It took time but eventually Zoey started walking, getting strong and healthy. Now he’s a 18kg dopey but loyal and loveable dog, who likes spending his days barking at frangipani flowers for no good reason and moving the rocks around in the garden. He is fiercely loyal to his pack, and I know he would fight to the death to protect us. He knows this is his job, and it hearkens back to his important history as village and farm guard dog. Because of Zoey, I started learning about the Bali heritage dog.  The Bali heritage dog and Kintamani have been proven to be the oldest dogs known to mankind. Their DNA is a combination of Australian Dingo, Chinese Chow-Chow and the Akita from Japan. Genetically this dog is unique and needs protecting. It is also a much stronger breed of dog than the domestic dogs that Westerners are used to, able to survive in much harsher conditions and fend for themselves. Many Balinese believe that the Bali heritage dogs are able to detect spirit presences, and perhaps their barking at seemingly nothing is proof of this.   But as countries develop and need more land for progress, animals like the Bali dogs have had to learn to adapt. So instead of roaming and foraging in the jungle or rice fields as they would have done before, they are now doing this in the streets of Bali. It also forces them to defend their ‘territory’ amongst humans, and combined with flea, tick and worm infestations, they can quickly change from proud heritage dog, to snarling, scabby and scary.   Most of the time though, all they need is a good bath, skin treatment and worming tablet and in no time you’ve got a beautiful and healthy dog. Add to that a vaccination for dog diseases and sterilisation, and suddenly the scrawny street dog becomes a much-loved member of the household, just like my Zoey.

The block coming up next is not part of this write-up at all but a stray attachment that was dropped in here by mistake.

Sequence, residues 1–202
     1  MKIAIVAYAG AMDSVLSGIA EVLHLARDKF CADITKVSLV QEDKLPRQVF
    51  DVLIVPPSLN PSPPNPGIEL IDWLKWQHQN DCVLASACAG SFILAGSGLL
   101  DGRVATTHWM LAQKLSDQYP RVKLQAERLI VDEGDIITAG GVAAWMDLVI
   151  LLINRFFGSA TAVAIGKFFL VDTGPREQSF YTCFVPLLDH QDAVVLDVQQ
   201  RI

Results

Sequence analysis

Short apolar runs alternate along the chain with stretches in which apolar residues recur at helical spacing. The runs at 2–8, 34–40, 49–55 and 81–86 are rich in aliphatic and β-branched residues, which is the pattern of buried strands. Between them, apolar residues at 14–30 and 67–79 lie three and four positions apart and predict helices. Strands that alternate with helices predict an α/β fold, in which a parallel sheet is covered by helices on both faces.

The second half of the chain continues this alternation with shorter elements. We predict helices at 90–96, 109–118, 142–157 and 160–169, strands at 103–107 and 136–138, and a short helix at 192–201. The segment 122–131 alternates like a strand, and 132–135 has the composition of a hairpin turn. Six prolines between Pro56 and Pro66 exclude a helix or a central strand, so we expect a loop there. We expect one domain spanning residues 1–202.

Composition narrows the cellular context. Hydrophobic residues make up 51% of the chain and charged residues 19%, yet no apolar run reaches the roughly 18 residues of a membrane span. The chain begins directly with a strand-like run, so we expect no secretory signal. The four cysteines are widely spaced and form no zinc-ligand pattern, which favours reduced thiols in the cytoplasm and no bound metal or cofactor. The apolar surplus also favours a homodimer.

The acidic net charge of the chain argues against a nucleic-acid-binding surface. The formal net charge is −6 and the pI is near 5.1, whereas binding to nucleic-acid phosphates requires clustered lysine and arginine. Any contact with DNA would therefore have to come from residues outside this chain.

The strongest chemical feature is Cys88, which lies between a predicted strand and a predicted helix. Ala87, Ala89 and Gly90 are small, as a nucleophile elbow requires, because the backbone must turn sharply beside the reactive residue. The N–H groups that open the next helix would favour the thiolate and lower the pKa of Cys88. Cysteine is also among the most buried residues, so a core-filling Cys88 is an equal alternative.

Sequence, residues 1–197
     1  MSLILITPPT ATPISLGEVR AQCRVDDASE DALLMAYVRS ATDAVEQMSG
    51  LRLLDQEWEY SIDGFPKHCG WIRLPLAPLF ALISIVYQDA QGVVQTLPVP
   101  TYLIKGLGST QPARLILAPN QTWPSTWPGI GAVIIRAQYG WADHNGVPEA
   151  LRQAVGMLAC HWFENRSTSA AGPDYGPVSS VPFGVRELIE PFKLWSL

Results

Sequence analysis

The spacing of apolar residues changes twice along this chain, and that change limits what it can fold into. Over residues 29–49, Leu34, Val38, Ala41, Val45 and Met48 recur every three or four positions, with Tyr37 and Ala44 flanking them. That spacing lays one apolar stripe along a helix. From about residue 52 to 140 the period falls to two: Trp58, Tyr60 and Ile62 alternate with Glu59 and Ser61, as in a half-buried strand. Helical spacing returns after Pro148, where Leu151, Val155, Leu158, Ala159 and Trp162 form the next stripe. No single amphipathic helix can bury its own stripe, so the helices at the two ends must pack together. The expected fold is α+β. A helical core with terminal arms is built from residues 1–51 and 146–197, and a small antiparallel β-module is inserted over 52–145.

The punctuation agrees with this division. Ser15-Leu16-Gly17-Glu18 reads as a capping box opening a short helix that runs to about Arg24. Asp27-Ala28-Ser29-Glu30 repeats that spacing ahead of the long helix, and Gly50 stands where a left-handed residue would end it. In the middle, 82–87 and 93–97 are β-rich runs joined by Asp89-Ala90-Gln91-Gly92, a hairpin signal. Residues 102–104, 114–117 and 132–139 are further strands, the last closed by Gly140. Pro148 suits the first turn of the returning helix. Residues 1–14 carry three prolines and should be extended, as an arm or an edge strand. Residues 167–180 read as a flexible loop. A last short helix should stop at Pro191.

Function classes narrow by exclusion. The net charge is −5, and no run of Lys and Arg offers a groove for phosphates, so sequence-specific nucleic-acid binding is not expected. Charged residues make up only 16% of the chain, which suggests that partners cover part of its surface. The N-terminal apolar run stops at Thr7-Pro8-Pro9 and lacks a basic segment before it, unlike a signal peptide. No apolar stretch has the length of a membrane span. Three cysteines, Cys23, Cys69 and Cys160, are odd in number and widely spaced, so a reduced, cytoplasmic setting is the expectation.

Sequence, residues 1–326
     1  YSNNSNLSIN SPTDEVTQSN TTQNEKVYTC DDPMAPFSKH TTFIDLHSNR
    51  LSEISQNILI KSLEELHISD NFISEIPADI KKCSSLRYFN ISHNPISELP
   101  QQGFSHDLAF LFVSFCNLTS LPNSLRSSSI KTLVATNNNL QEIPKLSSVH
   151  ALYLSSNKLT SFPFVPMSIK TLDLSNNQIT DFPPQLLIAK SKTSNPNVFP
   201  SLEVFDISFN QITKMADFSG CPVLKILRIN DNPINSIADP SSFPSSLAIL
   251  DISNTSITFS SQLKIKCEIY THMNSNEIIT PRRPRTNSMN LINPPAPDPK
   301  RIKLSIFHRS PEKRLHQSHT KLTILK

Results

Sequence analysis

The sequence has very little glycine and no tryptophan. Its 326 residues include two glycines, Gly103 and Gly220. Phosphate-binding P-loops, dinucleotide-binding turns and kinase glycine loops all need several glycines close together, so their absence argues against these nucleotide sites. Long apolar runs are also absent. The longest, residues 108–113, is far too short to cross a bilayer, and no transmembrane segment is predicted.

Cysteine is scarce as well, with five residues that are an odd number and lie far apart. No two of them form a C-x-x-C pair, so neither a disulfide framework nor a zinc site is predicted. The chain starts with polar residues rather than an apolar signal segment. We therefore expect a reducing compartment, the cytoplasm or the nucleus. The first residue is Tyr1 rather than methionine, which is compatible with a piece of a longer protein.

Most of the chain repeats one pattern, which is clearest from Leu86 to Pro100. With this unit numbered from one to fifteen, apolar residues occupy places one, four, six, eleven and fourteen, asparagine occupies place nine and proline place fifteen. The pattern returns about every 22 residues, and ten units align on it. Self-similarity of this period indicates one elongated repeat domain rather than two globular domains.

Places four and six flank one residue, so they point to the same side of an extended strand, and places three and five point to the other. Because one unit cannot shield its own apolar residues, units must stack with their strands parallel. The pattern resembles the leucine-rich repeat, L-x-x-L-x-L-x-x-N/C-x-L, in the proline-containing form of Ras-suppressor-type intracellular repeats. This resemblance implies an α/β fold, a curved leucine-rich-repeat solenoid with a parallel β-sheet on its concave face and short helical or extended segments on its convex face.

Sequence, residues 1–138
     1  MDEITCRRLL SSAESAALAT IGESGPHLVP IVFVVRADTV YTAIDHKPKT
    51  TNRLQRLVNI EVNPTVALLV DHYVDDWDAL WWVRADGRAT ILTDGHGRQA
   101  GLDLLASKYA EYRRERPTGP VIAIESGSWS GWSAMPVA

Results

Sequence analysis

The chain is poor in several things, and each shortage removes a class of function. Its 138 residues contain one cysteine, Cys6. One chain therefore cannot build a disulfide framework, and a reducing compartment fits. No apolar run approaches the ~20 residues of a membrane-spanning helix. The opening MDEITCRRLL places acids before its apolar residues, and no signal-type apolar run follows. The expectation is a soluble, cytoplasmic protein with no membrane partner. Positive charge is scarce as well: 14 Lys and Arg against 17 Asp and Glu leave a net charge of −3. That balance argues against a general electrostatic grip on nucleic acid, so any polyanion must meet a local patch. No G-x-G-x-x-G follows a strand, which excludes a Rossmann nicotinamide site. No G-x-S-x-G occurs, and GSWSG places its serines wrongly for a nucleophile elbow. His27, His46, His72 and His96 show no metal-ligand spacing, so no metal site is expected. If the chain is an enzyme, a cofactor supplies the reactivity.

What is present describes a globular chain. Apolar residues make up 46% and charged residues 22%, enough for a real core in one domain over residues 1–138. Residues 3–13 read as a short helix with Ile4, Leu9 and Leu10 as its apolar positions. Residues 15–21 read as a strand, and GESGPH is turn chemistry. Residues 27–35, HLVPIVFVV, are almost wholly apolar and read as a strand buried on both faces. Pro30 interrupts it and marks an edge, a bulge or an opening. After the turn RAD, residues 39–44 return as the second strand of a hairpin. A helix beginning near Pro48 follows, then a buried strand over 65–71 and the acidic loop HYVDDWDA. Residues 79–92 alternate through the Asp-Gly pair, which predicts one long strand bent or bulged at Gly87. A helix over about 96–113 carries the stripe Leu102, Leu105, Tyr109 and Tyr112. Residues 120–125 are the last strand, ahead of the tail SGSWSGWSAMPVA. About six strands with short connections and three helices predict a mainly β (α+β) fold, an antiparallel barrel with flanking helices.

Unfortunately it’s not possible to take in all the stray dogs, as gorgeous as they are - just look at these furry faces!  And vaccinations, health care and sterilisations for these dogs costs money. So the Bali dogs need some help. While in Bali, I have been lucky enough to meet a woman called Lola Webber. Lola has become a dear friend and I greatly admire the work she does. Lola works for a charity called Change For Animals Foundation and their work impacts animals globally, including supporting the Bali Dog.   Launched in 2012, Change For Animals Foundation (CFAF) is committed to improving the lives of animals throughout the world by delivering collaborative campaigns and promoting a compassionate attitude towards all animals. By operating without expensive overheads, CFAF commits all funds directly towards ending animal suffering. We believe the fastest way to do this is through working in partnership with other groups, pooling resources and combining expertise, so that our shared goals are reached more quickly and efficiently than if we operated in isolation. To this end, we have co-founded international alliances to tackle some of the most pressing animal welfare issues around the world.   Lola can remember joining her first animal protection group at the age of 6, holding cake sales and washing cars to raise money. Her work involves education, planning and raising awareness as well as animal rescues. Change for Animals Foundation has recently partnered with Jakarta Animal Aid Network, Animal Friends Jogja, Humane Society International, Four Paws and Animals Asia to form the Dog Meat Free Indonesia coalition. Their combined passion and work has brought about swift change in the wider views of dog meat consumption in Indonesia, although sadly it has taken far longer to get to this point to the detriment of so many beautiful Bali dog souls. The aim is to have the barbaric dog meat trade completely banned within Indonesia, preserving the health and heritage of these incredible dogs that embody the very essence of Bali and its magical spirit world.